More regional transmission expansion makes sense because you're asking people.
Who are gonna benefit on a broad scale basis from improving reliability.
Allowing access to lower -- generating resources.
To pay some of the costs associated with that it just makes sense.
-- what we did show the number I don't know for our viewers caught it or not it's the cost per person the outdated power grid use today.
It costs every Americans some 500 bucks each year house so.
-- if you look at the daily studies that have been done most recently the cost of -- is blackouts brownouts could make culmination of these types -- events that we see.
Cost consumer somewhere in the neighborhood a 180 billion dollars annually so I think about that in the context of the population.
You're talking about roughly 500 dollars for every man woman and child in the US.
Well -- -- have more outages are you worried about a big brown out along the lines of what we signed New York several years ago.
-- is certainly always a risk that we have in the back of our minds and more concerned about again here in the midwest we've been very.
Fortune and in that our system has performed remarkably well during the recent.
How did the recent heat that we've seen largely because of the investments we've made to improve reliability of the systems we haven't.
I can't speak for every system in the US and it certainly wouldn't surprise me if we did see more outages as a result of the heap that.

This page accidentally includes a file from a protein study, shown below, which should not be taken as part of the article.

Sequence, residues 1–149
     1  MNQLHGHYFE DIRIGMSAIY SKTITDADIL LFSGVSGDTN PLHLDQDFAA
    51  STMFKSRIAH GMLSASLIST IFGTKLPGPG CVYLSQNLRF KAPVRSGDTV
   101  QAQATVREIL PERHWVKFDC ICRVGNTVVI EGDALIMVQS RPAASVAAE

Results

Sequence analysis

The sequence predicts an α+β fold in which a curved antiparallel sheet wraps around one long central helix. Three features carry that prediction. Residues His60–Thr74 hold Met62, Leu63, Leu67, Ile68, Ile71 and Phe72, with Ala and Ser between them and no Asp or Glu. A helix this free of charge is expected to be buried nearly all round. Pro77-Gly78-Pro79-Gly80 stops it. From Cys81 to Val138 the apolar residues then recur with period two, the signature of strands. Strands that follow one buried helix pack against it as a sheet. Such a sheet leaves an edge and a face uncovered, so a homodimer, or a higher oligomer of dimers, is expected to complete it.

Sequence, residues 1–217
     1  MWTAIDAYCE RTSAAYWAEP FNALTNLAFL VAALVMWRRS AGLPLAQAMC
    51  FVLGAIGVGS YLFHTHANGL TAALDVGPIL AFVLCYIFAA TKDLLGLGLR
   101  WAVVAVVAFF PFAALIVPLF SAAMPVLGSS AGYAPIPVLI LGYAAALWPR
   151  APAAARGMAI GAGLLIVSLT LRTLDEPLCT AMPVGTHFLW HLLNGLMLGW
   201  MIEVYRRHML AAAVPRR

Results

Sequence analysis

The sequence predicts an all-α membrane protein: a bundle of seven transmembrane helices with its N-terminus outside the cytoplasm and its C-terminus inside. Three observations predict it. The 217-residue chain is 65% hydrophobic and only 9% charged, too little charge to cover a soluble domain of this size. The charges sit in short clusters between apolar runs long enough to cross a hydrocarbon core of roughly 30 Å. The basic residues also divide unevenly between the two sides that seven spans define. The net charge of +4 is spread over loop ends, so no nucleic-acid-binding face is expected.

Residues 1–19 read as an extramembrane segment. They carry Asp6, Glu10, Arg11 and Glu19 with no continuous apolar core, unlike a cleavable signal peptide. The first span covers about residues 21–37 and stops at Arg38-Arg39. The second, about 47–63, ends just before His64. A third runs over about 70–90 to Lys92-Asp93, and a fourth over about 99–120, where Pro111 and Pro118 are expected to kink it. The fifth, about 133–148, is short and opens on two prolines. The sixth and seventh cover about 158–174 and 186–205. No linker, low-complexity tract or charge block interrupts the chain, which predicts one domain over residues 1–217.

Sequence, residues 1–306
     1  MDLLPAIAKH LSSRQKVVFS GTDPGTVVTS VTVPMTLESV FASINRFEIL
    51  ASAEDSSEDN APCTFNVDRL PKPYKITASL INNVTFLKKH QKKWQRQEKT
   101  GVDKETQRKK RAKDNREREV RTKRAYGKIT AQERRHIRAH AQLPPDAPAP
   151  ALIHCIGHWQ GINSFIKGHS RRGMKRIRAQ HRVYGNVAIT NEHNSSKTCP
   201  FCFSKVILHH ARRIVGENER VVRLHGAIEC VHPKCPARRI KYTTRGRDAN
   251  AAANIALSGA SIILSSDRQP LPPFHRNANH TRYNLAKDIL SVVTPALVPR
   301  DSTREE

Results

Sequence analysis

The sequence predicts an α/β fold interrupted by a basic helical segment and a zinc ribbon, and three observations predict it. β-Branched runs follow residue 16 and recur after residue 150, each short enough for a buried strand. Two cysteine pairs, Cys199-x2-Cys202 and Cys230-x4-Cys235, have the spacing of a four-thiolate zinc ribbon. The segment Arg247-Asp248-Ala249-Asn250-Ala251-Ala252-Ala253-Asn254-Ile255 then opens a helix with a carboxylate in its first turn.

Currently we're experience -- and but more importantly as we look forward in time.
If we don't invest in the -- and we don't improve reliability and we don't make the expansion of the transmission system necessary to support.
Competitive markets long term you're gonna see more and more these events are going to be having more and more these conversely should.
That's not good news I'm curious if people would pulled in at all.
You know is gonna horrible economy.
This is really expensive to keep that AC running all the time head leasing people -- up.
Cut back on their expenditures on home heating.
What's interesting here in Michigan which is obviously had its economic challenges over the course of the last several years you know we have seen -- demands in certain pockets of our markets over the last couple of days so it's certainly suggests that.
Notwithstanding the fact we're still on the -- to recovery in terms of the economic environment.
The overall use of energy is increasing -- -- and we've set all time peaks in parts of our system and we're nearing all time peaks and other aspects of our system so.
You know conventional wisdom would be that people wanna cut back in a in a time of economic uncertainty but that's -- were saying when the temperatures are rising above a hundred degrees.
It's a tough time out there for a lots of people and that help everybody can stay cool camera thanks for coming on the show we appreciate it.
It's been my pleasure thanks for having entered.